The Story of Deddington






to my daughter,
Muriel Jones.
Our First President.


Note : This Village History was written for a competition held by the Oxfordshire Federation of Women's Institutes. Dr. Marrett, Rector of Exeter College, Oxford, the Judge, awarded First prize to Shipton-under-Wychwood, Second prize to Headington Quarry, Deddington and Churchill he bracketed together with Quarry as "all extremely good and only a little behind the first in interest and general quality."


Chapter 1. Old Deddington.
Chapter 2. The Parish Church.
Chapter 3. Streets and Houses.
Chapter 4. Trades and Callings.
Chapter 5. Deddington Folk (Parts I and II)
Chapter 6. Deddington Fairs.
Chapter 7. Inns and Coaching Days.
Chapter 8. Sports and Pastimes.
Chapter 9. Milestones.

LIST OF ILLUSTRATIONS - (click HERE for Figures listed)

Fig 1. Bird's Eye Map of Deddington.
Fig 2. Stone Effigy in Church.
Fig 3. Interior of Church (East End).
Fig 4. Interior of Church (West End).
Fig 5. Castle House.
Fig 6. Nathaniel Stilgoe.
Fig 7. The Pavilion.
Fig 8. John Knibbs.


I.   List of Clergy from Early Times
II.  Measurements of Church and Weight of Bells
III. Armorial Glass in Church (1574)
IV.  Old Deed relating to Deddington (1607).
V.   Deed relating to the Dissolution of the Guild of the Holy
      Trinity (1635).
VI.  Will of Anthony Stilgoe (1606).
VII. Extracts from Diary of the Rev. W. Cotton Risley.
VIII.List of Field Names.
IX.  List of Birds in the Locality.


Dear Deddingtonians and Fellow Institute Members,

In presenting to you this story of our village, I make no claim to original research. Already short historical notes had been written—the Rev. E. Marshall's Deddington (issued in the Trans-actions of the North Oxfordshire Archaeological Society, 1879) and Mr. William Wing's Supplement to the same, are the best known. Mr. T. A. Manchip (late headmaster of Deddington School) and Mr. Thomas Smith had also added much historical and local lore to such facts as Mr. Marshall's scholarship had accumulated. But these records are far from being accessible to the general villager, and even the printed pamphlets of Marshall and Wing are becoming rare. My intention is that ultimately, in some simple form, what I have been able to gather my be easily obtainable to pass from hand to hand to be added to in their turn.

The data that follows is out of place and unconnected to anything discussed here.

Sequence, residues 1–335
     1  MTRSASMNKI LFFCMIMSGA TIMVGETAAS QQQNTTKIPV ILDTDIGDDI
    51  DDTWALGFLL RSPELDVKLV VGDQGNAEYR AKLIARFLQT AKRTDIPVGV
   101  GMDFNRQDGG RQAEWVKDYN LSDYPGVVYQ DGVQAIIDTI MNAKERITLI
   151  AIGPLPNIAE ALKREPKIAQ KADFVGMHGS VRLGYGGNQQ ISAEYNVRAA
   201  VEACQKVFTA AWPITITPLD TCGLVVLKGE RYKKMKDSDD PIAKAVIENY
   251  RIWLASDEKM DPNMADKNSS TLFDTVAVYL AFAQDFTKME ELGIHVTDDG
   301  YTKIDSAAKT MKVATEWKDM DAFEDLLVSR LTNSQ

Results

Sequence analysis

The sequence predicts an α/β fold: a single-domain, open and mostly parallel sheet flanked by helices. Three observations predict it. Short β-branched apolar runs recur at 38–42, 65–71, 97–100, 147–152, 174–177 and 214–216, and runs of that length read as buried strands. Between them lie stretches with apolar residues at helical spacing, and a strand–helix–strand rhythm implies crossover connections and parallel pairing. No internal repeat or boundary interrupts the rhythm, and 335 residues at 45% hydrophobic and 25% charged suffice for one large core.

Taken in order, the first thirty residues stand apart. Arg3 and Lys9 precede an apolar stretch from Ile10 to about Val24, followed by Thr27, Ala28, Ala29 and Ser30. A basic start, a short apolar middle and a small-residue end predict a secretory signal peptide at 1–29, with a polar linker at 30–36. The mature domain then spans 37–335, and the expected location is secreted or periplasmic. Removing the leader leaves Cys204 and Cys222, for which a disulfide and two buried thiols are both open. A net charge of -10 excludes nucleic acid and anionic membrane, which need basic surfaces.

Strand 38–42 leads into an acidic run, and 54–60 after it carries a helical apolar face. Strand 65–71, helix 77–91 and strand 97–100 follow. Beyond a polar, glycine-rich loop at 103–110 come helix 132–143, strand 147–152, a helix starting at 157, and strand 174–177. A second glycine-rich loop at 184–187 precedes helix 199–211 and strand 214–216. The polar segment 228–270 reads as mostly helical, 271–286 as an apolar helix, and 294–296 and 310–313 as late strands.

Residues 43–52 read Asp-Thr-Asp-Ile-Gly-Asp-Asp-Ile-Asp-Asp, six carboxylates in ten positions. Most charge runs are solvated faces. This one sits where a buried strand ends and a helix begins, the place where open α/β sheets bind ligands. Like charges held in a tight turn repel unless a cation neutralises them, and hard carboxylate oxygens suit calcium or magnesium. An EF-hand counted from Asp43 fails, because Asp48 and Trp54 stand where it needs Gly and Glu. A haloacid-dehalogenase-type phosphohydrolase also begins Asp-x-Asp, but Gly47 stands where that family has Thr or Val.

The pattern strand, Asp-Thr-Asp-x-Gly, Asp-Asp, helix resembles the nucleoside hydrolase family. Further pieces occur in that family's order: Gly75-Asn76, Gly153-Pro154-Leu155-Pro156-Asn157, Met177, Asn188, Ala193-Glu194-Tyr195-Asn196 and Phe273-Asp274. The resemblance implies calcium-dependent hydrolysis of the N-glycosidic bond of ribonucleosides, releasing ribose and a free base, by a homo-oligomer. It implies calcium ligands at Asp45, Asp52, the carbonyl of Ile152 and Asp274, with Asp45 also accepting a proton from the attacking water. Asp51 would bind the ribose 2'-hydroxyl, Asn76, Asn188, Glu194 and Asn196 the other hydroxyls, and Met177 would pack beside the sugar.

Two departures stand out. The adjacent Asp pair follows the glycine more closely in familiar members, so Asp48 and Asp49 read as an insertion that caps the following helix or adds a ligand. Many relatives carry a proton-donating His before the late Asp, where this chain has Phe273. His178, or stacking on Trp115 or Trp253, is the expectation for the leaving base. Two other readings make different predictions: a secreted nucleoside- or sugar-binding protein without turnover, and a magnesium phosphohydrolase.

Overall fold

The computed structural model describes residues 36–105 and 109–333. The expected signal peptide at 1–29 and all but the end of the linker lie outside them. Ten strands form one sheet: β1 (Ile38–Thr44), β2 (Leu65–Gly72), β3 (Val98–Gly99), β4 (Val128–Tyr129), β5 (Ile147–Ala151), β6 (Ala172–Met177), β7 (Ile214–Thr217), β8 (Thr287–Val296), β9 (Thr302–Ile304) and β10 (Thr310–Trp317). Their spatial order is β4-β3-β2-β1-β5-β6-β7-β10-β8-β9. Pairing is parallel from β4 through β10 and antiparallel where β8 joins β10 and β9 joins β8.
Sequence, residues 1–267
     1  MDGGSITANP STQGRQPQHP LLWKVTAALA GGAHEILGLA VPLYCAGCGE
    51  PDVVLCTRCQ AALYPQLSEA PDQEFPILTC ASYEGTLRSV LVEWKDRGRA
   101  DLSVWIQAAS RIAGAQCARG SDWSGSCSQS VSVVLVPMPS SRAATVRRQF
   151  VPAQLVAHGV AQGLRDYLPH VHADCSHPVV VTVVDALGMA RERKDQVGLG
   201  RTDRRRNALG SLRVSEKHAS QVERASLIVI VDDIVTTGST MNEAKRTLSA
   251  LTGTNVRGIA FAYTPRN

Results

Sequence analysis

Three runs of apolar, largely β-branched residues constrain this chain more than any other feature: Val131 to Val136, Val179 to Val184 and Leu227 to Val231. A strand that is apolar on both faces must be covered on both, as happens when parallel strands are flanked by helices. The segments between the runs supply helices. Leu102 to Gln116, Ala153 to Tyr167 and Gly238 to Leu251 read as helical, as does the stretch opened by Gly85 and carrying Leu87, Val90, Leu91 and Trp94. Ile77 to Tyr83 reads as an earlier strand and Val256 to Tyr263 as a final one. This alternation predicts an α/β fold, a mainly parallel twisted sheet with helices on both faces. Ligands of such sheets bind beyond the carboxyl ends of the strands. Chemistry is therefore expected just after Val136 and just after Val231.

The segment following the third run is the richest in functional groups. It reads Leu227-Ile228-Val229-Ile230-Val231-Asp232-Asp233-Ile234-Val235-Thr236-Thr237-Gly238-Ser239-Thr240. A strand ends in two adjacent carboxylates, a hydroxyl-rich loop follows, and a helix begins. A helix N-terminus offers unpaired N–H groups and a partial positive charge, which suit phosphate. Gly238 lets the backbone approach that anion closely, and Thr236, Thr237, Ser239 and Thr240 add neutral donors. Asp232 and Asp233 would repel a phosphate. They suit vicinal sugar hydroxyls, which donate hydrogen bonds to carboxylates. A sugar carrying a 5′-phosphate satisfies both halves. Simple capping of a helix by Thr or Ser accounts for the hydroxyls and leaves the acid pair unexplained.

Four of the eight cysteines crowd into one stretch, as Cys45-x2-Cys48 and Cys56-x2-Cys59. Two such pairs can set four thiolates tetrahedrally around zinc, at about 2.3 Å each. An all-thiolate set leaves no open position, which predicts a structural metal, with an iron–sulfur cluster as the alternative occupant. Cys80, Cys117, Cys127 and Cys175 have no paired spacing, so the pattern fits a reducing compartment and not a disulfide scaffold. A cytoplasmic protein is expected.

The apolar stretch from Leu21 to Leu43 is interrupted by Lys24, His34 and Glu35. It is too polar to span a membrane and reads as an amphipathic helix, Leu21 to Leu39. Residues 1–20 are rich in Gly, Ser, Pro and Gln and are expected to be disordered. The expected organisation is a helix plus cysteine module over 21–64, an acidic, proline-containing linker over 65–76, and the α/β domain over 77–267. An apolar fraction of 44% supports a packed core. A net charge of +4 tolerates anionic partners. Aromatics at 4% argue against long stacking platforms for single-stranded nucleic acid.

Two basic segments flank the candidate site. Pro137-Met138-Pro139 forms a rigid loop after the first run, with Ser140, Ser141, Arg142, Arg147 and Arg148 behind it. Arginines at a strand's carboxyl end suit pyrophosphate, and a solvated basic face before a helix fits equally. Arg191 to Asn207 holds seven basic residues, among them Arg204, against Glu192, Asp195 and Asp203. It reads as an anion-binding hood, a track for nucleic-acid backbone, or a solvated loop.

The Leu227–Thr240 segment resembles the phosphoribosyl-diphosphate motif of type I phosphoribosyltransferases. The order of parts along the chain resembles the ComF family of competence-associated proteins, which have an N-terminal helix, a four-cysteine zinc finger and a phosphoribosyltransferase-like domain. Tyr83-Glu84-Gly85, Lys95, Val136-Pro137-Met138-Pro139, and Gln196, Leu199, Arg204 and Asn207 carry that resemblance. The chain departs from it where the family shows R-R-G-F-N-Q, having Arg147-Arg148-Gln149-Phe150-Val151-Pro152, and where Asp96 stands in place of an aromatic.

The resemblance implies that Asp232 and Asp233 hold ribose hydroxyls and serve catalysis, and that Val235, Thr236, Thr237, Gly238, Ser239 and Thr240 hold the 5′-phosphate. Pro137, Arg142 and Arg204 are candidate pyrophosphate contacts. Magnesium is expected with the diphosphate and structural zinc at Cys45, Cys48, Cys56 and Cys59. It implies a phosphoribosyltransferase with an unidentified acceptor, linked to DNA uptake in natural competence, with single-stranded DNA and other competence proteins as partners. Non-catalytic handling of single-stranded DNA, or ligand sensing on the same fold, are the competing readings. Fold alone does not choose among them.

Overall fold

My efforts, however, especially concerning the more ancient past, would have been the merest adaptation—I doubt indeed if the dry bones of history would have stirred at all—had it not been for the help of Mr. Henry Edward Stilgoe*, C.B.E., F.S.A., the distinguished Chief Engineer to the Metropolitan Water Board, whose family has been identified with Deddington for many centuries. The loan of old Deeds ; the gift of photographs for illustration ; above all, access to the immensely valuable and interesting notes he has collected about the place and people ; the latter source of information, indeed, forms the life and soul of this narrative in any fresh historical sense. Beyond incorporating in it such knowledge as was already gathered, my own ambition was humble but it was clear. I aimed at supplying a link between the more remote past dealt with by others, and the present day. In this respect I have been fortunate, for our oldest inhabitant, William Hirons, a centenarian who died early this year, lived to impart to me a great deal that would otherwise have been lost. Others, too, with clear recollections of the last half century and longer have kindly helped me, in addition to aid from our Women's Institute.

Thanks are due to the Vicar, the Rev. Maurice Frost, for his photography of often difficult prints, etc., for lending books and for help in searching parish registers and so on. Mr. T. Smith has also been most kind with loans of photographs, books and cuttings, and with many a helpful interview.
If, dear Deddingtonians, this story makes the old life hum again for you as for me, it will bring home this meaning too. The old bygone folk lit the torch of progress, which we hold for a little while and then pass on. If it is to burn brightly in our generation we must work for the realisation of those words of Blake, which the Women's Institutes have adopted as their hymn—not to rest till we have built Jerusalem (the new Jerusalem) 'in England's green and pleasant land.'

Deddington.November, 1932.

* Editor's Notes:

HES - as he is familiarly known as in the family - made a major contribution to the book. Post publication he clearly read it closely and annotated his copy with corrections which were never published. Click HERE to see his hand written notes.